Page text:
Dr. White obtains insights into photobiochemistry and the origin of life by establishing new unknown archaeal metabolism.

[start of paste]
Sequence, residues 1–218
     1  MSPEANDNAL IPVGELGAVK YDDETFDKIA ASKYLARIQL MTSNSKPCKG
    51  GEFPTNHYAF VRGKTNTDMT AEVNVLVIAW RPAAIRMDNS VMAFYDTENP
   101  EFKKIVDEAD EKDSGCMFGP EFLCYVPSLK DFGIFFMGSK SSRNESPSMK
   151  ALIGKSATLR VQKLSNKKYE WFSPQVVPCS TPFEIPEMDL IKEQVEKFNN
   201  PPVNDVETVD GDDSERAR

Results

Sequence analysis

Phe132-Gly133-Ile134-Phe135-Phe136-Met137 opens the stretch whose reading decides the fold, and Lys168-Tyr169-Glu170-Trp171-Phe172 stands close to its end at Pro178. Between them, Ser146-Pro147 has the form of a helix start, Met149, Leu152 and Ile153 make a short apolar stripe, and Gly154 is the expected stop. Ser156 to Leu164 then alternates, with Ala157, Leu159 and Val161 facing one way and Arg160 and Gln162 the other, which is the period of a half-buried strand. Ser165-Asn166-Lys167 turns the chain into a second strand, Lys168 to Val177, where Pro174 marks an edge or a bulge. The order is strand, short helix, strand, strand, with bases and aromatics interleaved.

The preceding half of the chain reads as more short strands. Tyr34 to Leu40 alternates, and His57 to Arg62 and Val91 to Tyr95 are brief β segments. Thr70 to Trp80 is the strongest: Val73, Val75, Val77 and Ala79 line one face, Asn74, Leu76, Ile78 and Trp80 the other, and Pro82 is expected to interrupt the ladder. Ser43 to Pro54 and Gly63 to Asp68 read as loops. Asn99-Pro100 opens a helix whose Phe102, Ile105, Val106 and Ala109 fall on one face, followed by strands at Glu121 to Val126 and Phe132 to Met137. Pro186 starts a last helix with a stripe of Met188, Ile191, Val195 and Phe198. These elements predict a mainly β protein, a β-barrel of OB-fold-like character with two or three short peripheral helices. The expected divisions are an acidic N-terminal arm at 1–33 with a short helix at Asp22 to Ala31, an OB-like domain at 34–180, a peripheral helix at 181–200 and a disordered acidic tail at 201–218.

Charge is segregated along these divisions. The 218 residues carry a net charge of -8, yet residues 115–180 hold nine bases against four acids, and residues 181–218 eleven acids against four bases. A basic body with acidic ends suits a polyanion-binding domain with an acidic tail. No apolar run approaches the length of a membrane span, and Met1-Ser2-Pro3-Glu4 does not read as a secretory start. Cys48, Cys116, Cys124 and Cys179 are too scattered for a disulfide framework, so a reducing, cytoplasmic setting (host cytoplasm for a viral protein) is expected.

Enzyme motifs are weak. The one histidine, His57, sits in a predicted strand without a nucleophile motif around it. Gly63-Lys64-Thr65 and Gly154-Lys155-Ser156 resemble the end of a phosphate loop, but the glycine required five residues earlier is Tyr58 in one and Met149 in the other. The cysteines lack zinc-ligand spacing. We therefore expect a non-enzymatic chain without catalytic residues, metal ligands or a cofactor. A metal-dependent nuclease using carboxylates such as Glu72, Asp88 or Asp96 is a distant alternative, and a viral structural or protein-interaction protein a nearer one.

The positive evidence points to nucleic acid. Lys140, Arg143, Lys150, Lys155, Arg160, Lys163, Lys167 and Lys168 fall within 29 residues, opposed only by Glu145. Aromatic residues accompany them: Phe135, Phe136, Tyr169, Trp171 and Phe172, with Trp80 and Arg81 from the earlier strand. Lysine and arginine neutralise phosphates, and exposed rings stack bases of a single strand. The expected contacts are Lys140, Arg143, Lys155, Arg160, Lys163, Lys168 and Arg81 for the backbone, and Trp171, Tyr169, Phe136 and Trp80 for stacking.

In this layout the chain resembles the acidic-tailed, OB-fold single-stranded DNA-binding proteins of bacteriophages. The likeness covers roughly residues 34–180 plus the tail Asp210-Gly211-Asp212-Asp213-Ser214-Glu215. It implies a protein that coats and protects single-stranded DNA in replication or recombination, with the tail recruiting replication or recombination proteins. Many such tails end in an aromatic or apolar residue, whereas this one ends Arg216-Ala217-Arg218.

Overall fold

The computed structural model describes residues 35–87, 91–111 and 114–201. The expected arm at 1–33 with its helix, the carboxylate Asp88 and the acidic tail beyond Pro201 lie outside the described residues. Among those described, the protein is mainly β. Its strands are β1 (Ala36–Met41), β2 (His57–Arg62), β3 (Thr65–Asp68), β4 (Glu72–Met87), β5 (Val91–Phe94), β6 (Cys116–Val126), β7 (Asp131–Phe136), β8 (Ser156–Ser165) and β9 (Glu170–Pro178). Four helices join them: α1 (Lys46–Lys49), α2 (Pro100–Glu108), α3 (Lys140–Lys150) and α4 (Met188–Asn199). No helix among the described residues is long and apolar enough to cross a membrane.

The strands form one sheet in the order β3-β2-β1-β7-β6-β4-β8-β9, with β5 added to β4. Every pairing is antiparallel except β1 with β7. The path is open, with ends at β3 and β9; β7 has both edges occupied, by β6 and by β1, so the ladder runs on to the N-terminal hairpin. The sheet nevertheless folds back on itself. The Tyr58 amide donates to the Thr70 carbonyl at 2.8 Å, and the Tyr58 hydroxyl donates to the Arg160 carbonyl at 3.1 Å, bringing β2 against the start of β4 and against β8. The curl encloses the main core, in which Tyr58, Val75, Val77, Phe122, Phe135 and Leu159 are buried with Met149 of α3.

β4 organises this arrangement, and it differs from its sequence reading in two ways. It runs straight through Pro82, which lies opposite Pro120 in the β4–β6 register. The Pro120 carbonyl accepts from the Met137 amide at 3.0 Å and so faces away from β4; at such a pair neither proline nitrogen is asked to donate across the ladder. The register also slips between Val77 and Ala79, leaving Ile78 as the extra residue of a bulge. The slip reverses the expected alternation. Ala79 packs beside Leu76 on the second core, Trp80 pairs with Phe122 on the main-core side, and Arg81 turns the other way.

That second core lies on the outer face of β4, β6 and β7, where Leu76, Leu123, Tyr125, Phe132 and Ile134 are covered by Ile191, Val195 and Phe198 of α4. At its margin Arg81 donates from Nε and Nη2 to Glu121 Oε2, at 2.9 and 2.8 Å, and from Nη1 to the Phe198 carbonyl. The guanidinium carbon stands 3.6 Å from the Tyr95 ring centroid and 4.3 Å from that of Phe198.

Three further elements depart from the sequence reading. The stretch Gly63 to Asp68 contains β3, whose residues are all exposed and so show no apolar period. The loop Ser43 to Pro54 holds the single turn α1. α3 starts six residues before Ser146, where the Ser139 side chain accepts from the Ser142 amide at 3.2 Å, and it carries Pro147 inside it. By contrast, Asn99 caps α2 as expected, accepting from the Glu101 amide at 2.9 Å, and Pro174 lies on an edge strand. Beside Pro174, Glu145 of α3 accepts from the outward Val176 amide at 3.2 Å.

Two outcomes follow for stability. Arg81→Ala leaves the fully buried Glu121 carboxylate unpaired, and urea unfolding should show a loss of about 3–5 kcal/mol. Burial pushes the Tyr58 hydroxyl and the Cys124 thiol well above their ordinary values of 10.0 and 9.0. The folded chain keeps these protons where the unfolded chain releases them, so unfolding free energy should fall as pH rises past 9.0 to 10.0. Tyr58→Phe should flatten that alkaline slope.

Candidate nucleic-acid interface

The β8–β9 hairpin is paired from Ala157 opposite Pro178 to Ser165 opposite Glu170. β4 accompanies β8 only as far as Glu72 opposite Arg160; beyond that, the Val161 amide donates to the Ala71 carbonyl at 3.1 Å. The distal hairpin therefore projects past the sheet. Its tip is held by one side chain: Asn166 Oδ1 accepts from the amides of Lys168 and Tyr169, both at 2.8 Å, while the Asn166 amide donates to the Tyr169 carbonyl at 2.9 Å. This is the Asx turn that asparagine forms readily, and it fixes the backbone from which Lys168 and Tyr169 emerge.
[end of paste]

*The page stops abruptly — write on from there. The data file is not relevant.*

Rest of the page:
Defining the biochemical function of gene products is an important endeavor in the postgenomics age. Only after the exact functions of the many unknown genes are identified can we assess the true metabolic diversity present in our planet's organisms. This enormous task offers significant payoffs and will occupy scientists for many years in the future. From the perspective of Dr. White’s work, which is concerned with biosynthetic reactions in a methanogenic archaeon, applications of this knowledge ranges from reducing greenhouse gas emissions, to efficiently producing methane energy sources from anthropogenic waste, to the identification of new drug targets. Every gene that can be assigned a function, no matter from which organism it originates, represents a significant scientific advance. The advent of genome sequencing has leveraged our work so that every description of a new enzyme informs us about the function of uncharacterized homologs in many different organisms. Because many of the genes his lab studies has a wider distribution than just in the Archaea, previous results have had unanticipated applications in annotating genomes of plants, animals, and pathogenic microorganisms.